She (and I) are reading To Kill A Mockingbird with the 8th graders. This is the 50th Anniversary of Harper Lee’s Pulitzer Prize winning classic. TKAM ranks as one of my favorite books ever, and while the last time I read it was over 10 years ago, I’m excited to read it along with the kids and participate in their online discussions.

After briefly discussing the best platform for the students to collaborate online (wiki, Google Site, Drupal, WordPress…), Eve chose to use our in-house Elgg social network. As a school, we try to reinforce how to use technology academically, respectfully, and responsibly, and we have a variety of tools at our disposal including The Social Network, where we show students how to behave in our protected spaces and hope that they continue to make good choices online when left to their own devices.

She divided the 8th graders into small reading groups of 3-4 people, and each member of the group helped populate their group’s space on The Social Network to include:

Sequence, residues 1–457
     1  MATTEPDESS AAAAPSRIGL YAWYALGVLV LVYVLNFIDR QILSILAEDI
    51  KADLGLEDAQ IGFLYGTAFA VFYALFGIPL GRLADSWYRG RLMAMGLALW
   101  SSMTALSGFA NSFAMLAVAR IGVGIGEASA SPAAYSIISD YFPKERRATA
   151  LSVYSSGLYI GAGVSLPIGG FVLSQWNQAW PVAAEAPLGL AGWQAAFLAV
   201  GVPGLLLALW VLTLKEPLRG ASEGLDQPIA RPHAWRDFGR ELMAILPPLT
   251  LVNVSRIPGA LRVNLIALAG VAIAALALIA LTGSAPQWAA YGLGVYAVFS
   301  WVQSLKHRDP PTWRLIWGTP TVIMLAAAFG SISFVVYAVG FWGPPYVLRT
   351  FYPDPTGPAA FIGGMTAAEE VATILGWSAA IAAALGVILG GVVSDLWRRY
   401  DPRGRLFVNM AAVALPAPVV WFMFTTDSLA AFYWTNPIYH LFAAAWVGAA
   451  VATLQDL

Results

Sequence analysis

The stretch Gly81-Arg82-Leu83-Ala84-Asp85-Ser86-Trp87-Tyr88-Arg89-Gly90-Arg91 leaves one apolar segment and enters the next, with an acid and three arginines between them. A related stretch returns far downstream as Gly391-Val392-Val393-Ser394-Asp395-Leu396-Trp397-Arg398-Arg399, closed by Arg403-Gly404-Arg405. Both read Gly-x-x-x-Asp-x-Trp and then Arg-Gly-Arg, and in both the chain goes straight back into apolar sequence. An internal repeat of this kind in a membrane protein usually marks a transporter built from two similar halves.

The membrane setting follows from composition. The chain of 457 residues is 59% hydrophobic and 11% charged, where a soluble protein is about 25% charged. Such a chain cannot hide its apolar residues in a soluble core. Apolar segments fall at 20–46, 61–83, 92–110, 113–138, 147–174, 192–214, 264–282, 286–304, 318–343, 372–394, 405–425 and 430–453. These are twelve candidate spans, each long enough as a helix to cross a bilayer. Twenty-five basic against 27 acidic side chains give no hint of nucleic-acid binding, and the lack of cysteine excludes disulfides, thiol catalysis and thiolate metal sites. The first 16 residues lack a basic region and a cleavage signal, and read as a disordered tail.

1. A bookmark from the full-class group to their small reading group

2. An avatar/icon to represent their group

3. A Group Discussion space where the students address teacher-led discussion questions like:

Chapter Nine: Why doesn’t Scout tell anyone but Uncle Jack the real reason she beat up Francis? What does this demonstrate about Scout?

4. A Group Blog section where students post their own questions/thoughts about the book and respond to each other’s posts.

Chapter 8: Do you think it was racists for Jem and Scout to build a black snowman?

5. A Page for Vocabulary terms where students follow a follow 5-step format.

NOTE: the page itself consists of the guidelines for adding vocabulary terms (see below), while students actually contribute to the page via the Comments section. Thus there exists a timestamp with their name each time they add a word to the page. This is great for individual accountability even as they working as a group.

1. Word

2. Make an educated guess (using context clues)

3. Look it up

4. Part of Speech

5. Make up your own sentence 

please specify the page/chapter where you located the word